A business plan forms the backbone for any successful start-up business enterprise. A good business plan should cover:
- The basic goals of the business operation
- How the goals are to be achieved
- A basic start-up budget, factoring in losses and expenses
- The duties and liability of individual leaders and board members
- Division of assets, including business property and stocks
- Preparation in case of business termination
Business plans can cover many other topics and issues- the more thorough the plan, the better.
What Are Some Common Disputes over a Business Plan?
Business plans are necessary to help get a business up and running. However, they can often be a source of disputes, since many parties may be involved in the planning practice. Some common disputes over business plans may involve:
- Disputes between the Business Operators and local/county/state entities: A common issue with many business plans is that they need to conform to the zoning, planning, and land use laws in the area. Failure to obtain approval from a government agency or a local business bureau can create an obstacle for the business start-up.
- Disputes between Partners: Personal interests can sometimes create disputes over a business plan, especially with regards to duties and liabilities of directors. The partners may have to reach a compromise in order to ensure the business runs smoothly.
- Disputes with Investors: A main goal of many business plans is to attract investors who will contribute capital to the business. These arrangements can often involve disputes over funding such as a breach of contract.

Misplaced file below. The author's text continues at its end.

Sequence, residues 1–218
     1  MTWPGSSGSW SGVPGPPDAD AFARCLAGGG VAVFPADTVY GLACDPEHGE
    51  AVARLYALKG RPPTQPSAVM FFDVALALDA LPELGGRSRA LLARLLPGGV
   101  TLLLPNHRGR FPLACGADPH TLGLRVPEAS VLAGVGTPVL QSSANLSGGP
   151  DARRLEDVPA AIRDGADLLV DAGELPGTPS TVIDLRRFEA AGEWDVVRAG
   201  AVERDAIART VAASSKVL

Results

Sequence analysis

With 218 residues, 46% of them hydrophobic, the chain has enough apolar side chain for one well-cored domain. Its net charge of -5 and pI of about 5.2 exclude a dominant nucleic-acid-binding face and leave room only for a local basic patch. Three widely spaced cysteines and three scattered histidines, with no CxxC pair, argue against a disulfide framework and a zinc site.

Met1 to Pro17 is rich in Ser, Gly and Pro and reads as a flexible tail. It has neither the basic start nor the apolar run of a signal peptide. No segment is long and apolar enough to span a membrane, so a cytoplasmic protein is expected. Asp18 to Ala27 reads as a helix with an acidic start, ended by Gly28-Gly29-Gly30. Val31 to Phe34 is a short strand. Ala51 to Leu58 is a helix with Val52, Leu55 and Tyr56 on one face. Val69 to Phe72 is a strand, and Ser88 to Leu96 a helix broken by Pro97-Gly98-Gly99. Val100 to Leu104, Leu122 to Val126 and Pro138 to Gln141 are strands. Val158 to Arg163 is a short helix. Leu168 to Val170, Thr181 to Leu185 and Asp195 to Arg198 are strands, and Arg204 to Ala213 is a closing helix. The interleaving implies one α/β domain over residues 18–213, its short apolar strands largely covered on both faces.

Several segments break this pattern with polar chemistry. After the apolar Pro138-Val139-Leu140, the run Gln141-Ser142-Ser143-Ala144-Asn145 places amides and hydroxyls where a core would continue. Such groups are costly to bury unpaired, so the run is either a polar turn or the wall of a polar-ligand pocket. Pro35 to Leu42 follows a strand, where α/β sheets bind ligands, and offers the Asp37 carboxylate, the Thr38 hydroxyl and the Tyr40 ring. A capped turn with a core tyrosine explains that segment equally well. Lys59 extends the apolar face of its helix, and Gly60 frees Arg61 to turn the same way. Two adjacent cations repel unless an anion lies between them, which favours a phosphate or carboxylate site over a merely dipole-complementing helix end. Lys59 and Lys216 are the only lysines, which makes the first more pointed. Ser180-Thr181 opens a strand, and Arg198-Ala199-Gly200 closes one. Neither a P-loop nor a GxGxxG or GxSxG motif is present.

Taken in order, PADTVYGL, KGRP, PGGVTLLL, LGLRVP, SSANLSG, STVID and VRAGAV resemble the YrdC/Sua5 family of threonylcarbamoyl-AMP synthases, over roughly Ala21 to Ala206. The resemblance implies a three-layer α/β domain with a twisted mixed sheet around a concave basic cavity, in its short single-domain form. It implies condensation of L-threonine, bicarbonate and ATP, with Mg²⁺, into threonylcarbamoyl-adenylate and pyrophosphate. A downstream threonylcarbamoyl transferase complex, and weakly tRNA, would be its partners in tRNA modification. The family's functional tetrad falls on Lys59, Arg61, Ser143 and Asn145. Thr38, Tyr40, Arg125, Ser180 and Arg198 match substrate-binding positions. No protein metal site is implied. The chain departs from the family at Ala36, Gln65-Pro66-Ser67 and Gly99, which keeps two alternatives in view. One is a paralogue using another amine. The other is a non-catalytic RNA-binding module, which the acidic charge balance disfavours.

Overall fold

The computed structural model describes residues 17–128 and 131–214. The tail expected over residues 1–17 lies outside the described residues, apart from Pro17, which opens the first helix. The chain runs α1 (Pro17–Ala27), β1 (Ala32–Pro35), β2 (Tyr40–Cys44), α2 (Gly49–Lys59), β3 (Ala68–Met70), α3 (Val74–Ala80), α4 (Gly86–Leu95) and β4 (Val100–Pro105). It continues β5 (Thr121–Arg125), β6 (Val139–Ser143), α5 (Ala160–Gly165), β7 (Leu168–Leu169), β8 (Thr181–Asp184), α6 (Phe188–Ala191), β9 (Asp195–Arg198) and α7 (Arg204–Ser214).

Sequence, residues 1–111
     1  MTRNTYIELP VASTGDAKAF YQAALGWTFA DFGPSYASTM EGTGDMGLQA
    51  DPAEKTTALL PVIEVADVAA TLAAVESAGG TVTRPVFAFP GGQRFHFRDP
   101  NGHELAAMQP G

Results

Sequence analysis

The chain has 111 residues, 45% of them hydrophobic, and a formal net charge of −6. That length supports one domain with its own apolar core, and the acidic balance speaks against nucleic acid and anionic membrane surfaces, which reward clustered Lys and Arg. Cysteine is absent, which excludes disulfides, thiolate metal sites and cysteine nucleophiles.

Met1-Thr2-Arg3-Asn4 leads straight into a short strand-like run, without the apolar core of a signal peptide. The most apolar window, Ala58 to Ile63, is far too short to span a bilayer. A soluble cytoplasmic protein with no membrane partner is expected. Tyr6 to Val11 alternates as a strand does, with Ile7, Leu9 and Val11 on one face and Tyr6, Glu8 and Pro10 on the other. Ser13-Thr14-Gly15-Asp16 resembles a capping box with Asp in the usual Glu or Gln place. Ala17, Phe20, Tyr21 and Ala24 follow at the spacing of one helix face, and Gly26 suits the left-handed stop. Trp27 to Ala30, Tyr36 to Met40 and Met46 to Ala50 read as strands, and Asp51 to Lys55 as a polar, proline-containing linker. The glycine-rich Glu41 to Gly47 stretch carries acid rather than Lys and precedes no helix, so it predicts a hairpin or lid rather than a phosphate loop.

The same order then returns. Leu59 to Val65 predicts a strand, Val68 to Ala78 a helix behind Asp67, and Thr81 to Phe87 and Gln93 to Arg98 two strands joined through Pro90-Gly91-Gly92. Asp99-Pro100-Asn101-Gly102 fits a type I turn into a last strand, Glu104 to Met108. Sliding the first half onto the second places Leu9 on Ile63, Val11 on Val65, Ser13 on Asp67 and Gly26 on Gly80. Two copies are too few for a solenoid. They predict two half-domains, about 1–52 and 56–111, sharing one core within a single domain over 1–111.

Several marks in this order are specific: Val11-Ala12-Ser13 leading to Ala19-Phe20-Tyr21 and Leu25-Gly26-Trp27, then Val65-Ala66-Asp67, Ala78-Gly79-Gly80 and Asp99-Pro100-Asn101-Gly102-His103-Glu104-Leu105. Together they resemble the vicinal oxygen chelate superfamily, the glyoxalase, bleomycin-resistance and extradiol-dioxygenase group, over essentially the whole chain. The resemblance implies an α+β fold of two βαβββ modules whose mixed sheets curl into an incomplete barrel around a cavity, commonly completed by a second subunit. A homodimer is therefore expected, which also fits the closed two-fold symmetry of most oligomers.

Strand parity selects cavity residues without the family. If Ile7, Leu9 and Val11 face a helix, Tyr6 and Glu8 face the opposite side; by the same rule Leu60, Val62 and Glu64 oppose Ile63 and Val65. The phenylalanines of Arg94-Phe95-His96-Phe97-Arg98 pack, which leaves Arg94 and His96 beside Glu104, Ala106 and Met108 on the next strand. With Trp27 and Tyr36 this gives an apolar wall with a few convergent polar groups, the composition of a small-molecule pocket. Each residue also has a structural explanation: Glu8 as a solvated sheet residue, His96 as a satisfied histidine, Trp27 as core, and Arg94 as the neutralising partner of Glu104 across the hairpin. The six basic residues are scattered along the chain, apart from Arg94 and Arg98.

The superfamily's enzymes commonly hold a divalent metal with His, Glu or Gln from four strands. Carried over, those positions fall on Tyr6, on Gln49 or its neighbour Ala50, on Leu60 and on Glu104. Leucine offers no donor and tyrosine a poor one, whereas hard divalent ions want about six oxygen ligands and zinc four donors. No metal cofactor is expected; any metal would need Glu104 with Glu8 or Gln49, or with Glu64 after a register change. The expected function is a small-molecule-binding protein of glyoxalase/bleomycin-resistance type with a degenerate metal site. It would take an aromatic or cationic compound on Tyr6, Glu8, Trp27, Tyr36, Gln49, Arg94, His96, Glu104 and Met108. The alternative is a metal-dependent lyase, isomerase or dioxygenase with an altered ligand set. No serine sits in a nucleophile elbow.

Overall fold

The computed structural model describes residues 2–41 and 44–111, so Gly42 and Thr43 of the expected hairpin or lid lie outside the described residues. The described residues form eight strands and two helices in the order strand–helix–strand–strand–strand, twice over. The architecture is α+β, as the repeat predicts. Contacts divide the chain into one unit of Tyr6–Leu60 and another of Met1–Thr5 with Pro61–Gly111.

- Disputes involving Shareholder Rights: From the outset, share and dividend disputes can occur even at the planning stage. For example, the distribution of stocks is often a point of contention.
How Can Disputes over the Business Plan Be Resolved?
It is normal to experience a certain degree of disputing over the terms of a business plan. In fact, that’s one of the main purposes of having a business plan- to “air out” any differences beforehand, so that they don’t become a problem later on in the long run.
On the other hand, if a business plan dispute becomes prolonged, or starts to delay the business operations, it may be necessary to seek legal assistance. It may be necessary to hire a lawyer to help mediate the conflict. In some cases, a legal claim needs to be filed in court, especially where the dispute is actually causing business losses for other persons involved.
In such cases, the conflict may be subject to court intervention, such as prescribed mediation. Or, the court can order a damages award if losses have already been experienced.
Should I Hire a Lawyer for Help during Business Planning?
It’s standard practice to hire a business lawyer for help during business planning. Doing so can not only ensure that your business plan will be effective, but it can also help avoid disputes over the business plan. An experienced lawyer in your area will be able to help you arrive at a suitable business plan that conforms to the laws in your region.